Brazilian Governor Celebrates Holidays in Miami After Imposing Strict Lockdowns

João Doria, the governor of São Paulo, Brazil, was spotted celebrating the holidays in Miami on Wednesday, despite imposing strict lockdowns back in his home city.

In an image posted to Twitter on Thursday by journalist Glenn Greenwald, the official is shown with his wife, Bia Doria.

The conservative Governor of São Paulo, @jdoriajr, home to the hemisphere's largest city, has imposed strict lockdowns, including stricter ones recently, demanding everyone stay home.

He just got caught yesterday in Miami with his wife, for a warm Christmas & New Year's holiday. pic.twitter.com/epytBUbr4e

— Glenn Greenwald (@ggreenwald) December 24, 2020

"The conservative Governor of São Paulo,@jdoriajr, home to the hemisphere's largest city, has imposed strict lockdowns, including stricter ones recently, demanding everyone stay home," Greenwald wrote in a tweet thread. "He just got caught yesterday in Miami with his wife, for a warm Christmas & New Year's holiday.

"When social media predictably exploded in rage that the very wealthy governor jetted off to Miami after locking down São Paulo residents for months, he immediately announced he was returning to Brazil, with the excuse that the Vice Governor tested positive for COVID."

Doria and his wife were previously spotted boarding a plane at Guarulhos International Airport on Wednesday, according to Portuguese news outlet, Bandeirantes. The plane was bound for Miami International Airport.

In a statement given to the outlet, the governor said he and his wife would be away for 10 days beginning December 22 to dedicate themselves to family for the holidays.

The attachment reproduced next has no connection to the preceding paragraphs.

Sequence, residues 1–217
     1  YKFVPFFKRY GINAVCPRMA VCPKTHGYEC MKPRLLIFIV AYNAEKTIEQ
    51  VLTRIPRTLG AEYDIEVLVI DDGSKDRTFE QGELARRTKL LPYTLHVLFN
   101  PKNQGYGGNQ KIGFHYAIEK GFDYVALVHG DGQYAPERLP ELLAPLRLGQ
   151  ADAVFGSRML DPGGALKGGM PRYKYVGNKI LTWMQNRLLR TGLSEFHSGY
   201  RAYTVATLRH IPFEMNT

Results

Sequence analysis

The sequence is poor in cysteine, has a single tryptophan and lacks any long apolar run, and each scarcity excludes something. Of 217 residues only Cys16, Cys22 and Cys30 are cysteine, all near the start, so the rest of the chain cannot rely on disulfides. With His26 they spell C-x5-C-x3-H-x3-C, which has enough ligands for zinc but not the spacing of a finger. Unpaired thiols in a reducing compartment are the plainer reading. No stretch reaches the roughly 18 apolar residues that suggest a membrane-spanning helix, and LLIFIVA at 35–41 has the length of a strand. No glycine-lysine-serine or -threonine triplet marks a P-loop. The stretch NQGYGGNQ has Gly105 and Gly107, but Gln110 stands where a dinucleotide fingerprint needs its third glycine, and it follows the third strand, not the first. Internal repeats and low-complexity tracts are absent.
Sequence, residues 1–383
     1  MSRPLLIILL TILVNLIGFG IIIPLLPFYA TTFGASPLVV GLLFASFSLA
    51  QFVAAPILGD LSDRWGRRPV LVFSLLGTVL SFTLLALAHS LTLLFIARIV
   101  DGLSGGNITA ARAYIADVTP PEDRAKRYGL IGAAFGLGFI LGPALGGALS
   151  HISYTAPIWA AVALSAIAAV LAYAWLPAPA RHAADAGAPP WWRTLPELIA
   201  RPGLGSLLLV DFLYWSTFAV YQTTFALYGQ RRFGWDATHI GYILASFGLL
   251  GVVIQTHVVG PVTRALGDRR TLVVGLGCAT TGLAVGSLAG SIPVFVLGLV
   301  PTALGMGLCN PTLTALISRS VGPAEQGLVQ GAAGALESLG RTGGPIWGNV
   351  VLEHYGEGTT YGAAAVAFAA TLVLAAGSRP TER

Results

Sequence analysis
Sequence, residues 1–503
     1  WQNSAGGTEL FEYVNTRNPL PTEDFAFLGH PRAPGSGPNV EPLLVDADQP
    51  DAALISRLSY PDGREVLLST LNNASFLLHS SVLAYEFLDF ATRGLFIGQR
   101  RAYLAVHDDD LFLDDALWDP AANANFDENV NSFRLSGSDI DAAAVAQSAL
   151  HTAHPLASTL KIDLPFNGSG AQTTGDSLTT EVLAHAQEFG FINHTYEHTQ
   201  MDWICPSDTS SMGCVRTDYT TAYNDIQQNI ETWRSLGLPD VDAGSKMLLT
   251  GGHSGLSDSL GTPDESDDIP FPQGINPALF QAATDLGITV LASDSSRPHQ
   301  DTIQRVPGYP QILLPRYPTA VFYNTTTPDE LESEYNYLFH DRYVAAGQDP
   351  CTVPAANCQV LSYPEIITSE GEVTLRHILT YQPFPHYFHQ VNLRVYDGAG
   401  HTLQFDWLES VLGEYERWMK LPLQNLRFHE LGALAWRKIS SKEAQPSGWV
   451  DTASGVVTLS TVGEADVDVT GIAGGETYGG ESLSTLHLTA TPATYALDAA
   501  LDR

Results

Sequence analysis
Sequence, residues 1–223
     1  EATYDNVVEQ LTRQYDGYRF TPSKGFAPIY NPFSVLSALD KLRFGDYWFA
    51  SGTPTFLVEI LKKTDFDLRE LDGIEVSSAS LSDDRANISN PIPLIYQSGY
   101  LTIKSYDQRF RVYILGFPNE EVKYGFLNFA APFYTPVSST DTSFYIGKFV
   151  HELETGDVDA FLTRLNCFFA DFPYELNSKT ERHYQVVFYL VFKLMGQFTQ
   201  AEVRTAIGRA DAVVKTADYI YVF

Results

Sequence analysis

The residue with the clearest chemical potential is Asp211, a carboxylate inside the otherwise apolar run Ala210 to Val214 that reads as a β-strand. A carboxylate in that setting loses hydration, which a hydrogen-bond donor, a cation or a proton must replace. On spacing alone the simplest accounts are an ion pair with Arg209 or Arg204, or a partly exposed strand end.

Doria's trip came only a few weeks after São Paulo declared tighter COVID-19 restrictions ahead of the holiday season, including a lockdown that will close all non-essential businesses from December 25 to December 27, and again from January 1 to January 3.

In Florida, however, coronavirus restrictions are much more lenient as Governor Ron DeSantis lifted all coronavirus restrictions on business in late September.

In November, when the state reported over 1 million cases since the state of the pandemic, DeSantis said he was against implementing any additional lockdowns or a statewide mask mandate during a news conference at Boggy Creek Elementary School in Kissimmee.

Florida will face "no lockdowns, no fines, no school closures," said DeSantis. "No one's losing their job because of a government dictate, nobody's losing their livelihood or their business. That is totally off the table."

With little COVID-19 mitigation, Florida, like many other states across the U.S., has reported a rise in cases since early October.

Over 11,300 new cases and 120 deaths were reported in the state on Wednesday, according to data from The New York Times. This week, Florida has seen an average of 11,295 new cases each day, a 21 percent increase compared to the two weeks prior.

As of Thursday morning, Brazil has reported over 7.3 million cases of COVID-19 and 189,000 deaths due to the virus over the course of the pandemic, based on data compiled by John Hopkins University. In São Paulo, cases have succeeded 1.41 million, while deaths in the area have topped 45,500. Over the last four weeks, São Paulo has registered a 54 percent increase in cases and a 34 percent jump in deaths.

Newsweek reached out to Doria, but didn't hear back in time for publication.

Brazilian governor Joao Doria
SAO PAULO, BRAZIL - DECEMBER 18: Governor of Sao Paulo Joao Doria holds a box of one of the 2 million doses of the CoronaVac vaccine developed by the Chinese laboratory Sinovac in partnership with the Butantan Institute that arrived from China this morning in the capital Sao Paulo on December 18, 2020 in Sao Paulo, Brazil. Along with supplies for local production of CoronaVac by the Butantan Institute, the state today has more than 3 million doses of the vaccine available. The CoronaVac vaccine is in the third phase of testing and its effectiveness needs to be proven to receive a release from the National Health Surveillance Agency (Anvisa) to be applied in Brazil. Alexandre Schneider/Getty Images/Getty